Asking for Help

Help by Quinn Dombrowski

I know that asking for help is a sign of strength, but it feels more like weakness to me. I don’t like feeling needy.  I don’t like not knowing. You would think by now (58 years is a good number) that I’d be on friendlier terms with the idea of help and support- isn’t that what Women’s Forum is about?  Isn’t that life in a nutshell – help? Well.  I’m pretty sure that even when push comes to shove,  I’m not asking for help.  I have some kind of self-image to protect: Independent. Capable. Responsible. Never weak.

So there it is: I have an (irrational) belief that asking for help is weak. I don’t know how to ask and I can’t allow it. My friends are on to me about that – wiser ones can spot the syndrome. They know how to disguise helping – for example, casually mentioning Anne Lamott’s new book,  “Help, Thanks, Wow: Three Essential Prayers.”

Anne suggests that asking for help is a prayer, and that prayers are blessings. Wow – what a reframe.  If asking for help is a prayer, what might that sound like? Here’s a sample from the book, which would certainly do in a pinch.

“Hi God,
It’s all hopeless.
What else is new?
I would be sick of me if I were you but miraculously,
You are not.
I know I have no control over other people’s lives and I hate this.
Yet I believe that if I could accept and surrender this, you would meet me wherever I am.
Wow. Can this be true?
If so, how is this afternoon – say 2-ish?
Thank you in advance for your company and blessings.
You have never once let me down.
Amen.”

Or another more direct version:

“Dear some something,
I don’t know what I’m doing.
I can’t see where I’m going.
I’m getting more lost, more afraid, more clenched. Help.”

What I like about these prayers for help is how they acknowledge I’m clueless, but it’s okay because guess what?  Something else isn’t. And while it’s probably not God who personally answers me, I will come to know.

So back to asking for help.  I have needed serious help multiple times; overcoming eating disorders (control is the greatest addiction), becoming self-employed (some close-calls to being unemployed), becoming a mom (and then single mom), facing (and avoiding) health issues.   When I pretend I don’t need help, I get more stuck.  yeah.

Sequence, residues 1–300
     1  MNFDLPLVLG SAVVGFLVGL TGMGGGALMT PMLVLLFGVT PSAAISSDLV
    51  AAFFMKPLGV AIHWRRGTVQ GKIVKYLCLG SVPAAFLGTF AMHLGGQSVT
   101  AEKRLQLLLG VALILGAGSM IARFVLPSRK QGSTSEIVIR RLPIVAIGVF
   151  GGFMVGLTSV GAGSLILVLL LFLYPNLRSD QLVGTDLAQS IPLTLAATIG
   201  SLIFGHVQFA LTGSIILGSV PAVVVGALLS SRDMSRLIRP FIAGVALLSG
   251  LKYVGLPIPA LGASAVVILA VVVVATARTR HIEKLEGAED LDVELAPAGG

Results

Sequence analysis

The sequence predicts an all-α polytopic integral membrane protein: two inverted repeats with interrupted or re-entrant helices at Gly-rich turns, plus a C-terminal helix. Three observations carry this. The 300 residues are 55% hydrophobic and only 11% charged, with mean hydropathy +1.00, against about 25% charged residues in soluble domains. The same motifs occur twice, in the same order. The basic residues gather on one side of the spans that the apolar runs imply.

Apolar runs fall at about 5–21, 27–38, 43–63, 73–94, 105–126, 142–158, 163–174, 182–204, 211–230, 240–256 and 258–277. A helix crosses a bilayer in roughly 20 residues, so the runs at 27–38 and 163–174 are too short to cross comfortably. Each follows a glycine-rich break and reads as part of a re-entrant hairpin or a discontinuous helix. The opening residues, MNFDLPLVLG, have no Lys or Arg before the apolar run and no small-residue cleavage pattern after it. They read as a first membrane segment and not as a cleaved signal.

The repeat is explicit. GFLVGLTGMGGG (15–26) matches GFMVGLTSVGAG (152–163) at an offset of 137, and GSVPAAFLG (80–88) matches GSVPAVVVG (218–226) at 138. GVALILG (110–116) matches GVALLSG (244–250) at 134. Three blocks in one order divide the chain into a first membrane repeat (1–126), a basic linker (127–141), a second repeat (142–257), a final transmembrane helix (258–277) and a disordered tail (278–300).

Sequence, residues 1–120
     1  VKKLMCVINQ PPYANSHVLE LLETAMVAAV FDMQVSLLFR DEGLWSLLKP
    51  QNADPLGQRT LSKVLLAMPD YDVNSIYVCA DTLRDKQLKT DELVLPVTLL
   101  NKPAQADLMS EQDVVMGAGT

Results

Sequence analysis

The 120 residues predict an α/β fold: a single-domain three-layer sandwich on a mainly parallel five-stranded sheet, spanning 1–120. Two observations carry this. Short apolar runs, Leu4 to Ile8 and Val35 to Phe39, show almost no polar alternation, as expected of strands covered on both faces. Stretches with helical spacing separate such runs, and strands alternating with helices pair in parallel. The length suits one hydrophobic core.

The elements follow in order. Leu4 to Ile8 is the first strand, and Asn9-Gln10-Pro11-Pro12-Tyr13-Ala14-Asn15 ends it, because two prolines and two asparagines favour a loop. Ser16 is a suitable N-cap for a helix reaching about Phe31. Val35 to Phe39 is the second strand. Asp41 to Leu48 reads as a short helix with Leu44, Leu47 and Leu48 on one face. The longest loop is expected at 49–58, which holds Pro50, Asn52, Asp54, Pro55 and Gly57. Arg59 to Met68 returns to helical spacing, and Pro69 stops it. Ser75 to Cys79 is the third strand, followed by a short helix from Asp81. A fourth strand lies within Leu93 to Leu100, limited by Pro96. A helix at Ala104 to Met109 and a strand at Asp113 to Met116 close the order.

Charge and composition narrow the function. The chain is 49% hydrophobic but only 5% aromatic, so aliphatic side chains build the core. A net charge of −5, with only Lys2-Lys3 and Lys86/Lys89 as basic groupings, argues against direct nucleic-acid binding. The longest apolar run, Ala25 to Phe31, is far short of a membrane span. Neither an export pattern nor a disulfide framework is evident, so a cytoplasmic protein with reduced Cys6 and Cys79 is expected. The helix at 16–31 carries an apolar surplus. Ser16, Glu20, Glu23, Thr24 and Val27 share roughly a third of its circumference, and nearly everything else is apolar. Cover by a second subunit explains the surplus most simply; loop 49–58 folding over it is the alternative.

What about now? As I shared in my previous blog (Decisions, Decisions) I need help now more than ever.  I can’t do Women’s Forum alone.   I need feedback and guidance and inspiration. I know what I’m doing and there’s more I don’t know.

Here’s a progress report on (reframing) asking for help.

  • My friends and my husband: they let me talk about wForum all. the. time.  It’s good we hike uphill so I only have so much wind.
  • Mentors (you know who you are) inspire me and keep tabs on me so I don’t over-complicate things. Books like help thanks wow simplify things.
  • Family and friends cheer me on, correct my typos, and listen to my ideas….even the cuckoo ones.
  • Members who are photographers, videographers, writers and editors, (thank you) provide website images and testimonials. Thank you for updating our Facebook page, sharing your take-aways and why you (ahem) ‘like‘ us.
  • Shadow my dog reminds me that being a goof-ball is charming and being a pest is well, pesky.
  • Have I said thank you enough? doubtful. Thank you.

Maybe the real reframe is that asking for help teaches me to say thanks more often.  This month we are talking about Help – asking for it, accepting it, resisting it (resisting help is a whole other bag of beans) and anything else to say on the topic.

Tell us what HELP means to you. I’m really asking you -yes, YOU. We’ll post your comments and images, and we would love to feature your full length blog post on the subject (or any other subject).  We’d love to hear from you! Contact us on our contact form here, send us an email, or post your comments below. Thank you.

 

Post by Adelaide Waters

Quote from the “Help, Thanks, Wow: The three essential prayers” by Anne Lamott

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